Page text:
PNS National Newscast

Audio Activation
"Siri, play the Public News Service (podcast)"
"Hey Google, play the Public News Service podcast"
"Alexa, play Public News Service podcast"
or "Alexa, what's my news flash?" once you set it up in the Alexa app

2020Talks

Audio Activation
"Siri, play the 2020Talks podcast"
"Hey Google, play the 2020Talks podcast"
"Alexa, play Two-Thousand-Twenty Talks podcast"
or "Alexa, what's my news flash?" once you set it up in the Alexa app

Newscasts

PNS Daily Newscast - November 27, 2020. 


A call on state congressional delegations to speed COVID-19 economic relief; a gap in trapping pollution impacts communities of color.


2020Talks - November 25, 2020 


CORRECTED 2:30pm MST 11/25 - Linda Thomas-Greenfield would be the second Black woman in US UN Ambassador role, Susan Rice was the first. Biden nominees speak; how can social media spread less misinformation and be less polarizing. *2020Talks will not be released 11/26 & 11/27*

Wilderness Protections Would Benefit South Dakota Economy

November 12, 2007

Rapid City, SD – Preserving South Dakota's wild heritage can stimulate local economic activity, rather than squashing it. So says Dr. Thomas Power, a national author and University of Montana economics professor, who meets with community leaders in South Dakota this week to discuss his report on the economic impact of designating the Buffalo Gap National Grasslands as federal wilderness area. According to Power, protecting the area will actually benefit South Dakota's economy.

"These natural landscapes provide a broad flow of valuable natural environmental services, scenic beauty, interaction with wildlife, fisheries, clean waters. If we focus only on the commercial side, making use of these wilderness areas, we may be ignoring the vast bulk of the natural values that they can provide to us."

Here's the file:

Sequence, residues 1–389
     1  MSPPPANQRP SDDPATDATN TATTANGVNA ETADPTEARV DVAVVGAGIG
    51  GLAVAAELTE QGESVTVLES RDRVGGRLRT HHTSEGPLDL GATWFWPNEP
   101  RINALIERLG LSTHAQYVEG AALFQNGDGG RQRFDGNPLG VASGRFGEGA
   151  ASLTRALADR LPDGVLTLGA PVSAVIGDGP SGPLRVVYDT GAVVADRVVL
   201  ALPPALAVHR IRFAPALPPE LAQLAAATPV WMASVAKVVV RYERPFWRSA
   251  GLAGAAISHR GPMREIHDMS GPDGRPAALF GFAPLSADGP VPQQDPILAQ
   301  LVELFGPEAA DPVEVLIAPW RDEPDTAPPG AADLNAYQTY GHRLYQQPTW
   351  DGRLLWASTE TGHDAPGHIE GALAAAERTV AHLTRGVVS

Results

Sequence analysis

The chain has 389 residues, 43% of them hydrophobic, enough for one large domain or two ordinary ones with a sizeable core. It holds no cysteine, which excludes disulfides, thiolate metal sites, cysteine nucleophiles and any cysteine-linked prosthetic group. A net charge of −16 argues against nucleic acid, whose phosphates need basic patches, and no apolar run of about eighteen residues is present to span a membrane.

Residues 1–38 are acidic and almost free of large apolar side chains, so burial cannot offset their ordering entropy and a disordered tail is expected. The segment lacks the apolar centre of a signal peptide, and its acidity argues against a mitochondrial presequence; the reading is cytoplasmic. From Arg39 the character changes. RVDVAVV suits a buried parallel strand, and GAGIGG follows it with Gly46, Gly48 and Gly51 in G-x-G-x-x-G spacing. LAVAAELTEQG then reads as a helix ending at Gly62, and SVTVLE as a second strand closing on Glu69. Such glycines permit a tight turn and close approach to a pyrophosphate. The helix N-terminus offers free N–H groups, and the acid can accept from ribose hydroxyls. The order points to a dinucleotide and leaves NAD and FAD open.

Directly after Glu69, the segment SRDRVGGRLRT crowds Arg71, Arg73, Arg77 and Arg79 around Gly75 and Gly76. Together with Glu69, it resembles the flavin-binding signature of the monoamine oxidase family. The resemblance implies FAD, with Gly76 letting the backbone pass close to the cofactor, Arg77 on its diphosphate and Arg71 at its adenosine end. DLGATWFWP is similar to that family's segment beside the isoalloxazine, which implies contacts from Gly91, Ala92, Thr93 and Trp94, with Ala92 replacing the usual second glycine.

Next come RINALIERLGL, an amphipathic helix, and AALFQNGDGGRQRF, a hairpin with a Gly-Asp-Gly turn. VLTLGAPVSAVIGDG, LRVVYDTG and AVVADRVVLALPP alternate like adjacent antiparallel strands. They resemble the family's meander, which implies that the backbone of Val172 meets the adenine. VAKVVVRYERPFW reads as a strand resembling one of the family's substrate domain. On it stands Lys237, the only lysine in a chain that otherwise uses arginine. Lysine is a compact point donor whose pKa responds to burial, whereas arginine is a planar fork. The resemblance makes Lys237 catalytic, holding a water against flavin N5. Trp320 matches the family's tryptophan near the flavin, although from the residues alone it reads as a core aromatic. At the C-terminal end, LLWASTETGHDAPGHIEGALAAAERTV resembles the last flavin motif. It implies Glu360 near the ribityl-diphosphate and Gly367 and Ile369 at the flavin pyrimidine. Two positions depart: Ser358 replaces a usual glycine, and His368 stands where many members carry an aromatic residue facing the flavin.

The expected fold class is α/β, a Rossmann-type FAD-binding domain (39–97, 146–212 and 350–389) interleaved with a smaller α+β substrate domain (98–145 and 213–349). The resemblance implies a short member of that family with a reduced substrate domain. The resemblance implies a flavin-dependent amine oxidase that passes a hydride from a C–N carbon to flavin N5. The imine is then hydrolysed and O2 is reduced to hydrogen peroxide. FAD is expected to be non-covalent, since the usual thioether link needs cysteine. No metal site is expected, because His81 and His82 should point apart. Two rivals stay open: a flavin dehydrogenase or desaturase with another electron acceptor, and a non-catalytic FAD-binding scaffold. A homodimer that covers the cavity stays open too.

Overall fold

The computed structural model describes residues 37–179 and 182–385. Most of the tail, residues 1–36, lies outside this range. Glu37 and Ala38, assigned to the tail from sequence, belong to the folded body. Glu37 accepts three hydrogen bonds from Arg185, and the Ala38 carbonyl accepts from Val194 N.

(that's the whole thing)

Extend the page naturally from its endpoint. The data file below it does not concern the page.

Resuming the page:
Power argues people who assume that the economic benefits of wild lands can be realized only through development activities -- such as timber harvesting, commercial grazing, mining and drilling, and building resorts -- are incorrect. He says his research shows keeping the land as it is offers benefits that are just as valuable, and longer-lasting.

"It lays the basis for a whole new economy that's aimed at people simply enjoying living adjacent to these natural areas, against which they live their rather civilized lives. There are dozens of studies out there and all of them come to the same conclusion: protected natural landscapes contribute to stimulating local economic vitality."

The South Dakota Grasslands Wilderness Coalition, comprised of sportsmen, ranchers, conservationists, Native American tribes and local business owners, has been working to set aside portions of South Dakota's prairie grasslands in their wild state. Its proposal would designate just over 70,000 acres within the Buffalo Gap National Grasslands of southwestern South Dakota as wilderness. The proposal is under consideration by Congress.

David Law/Craig Eicher, Public News Service - SD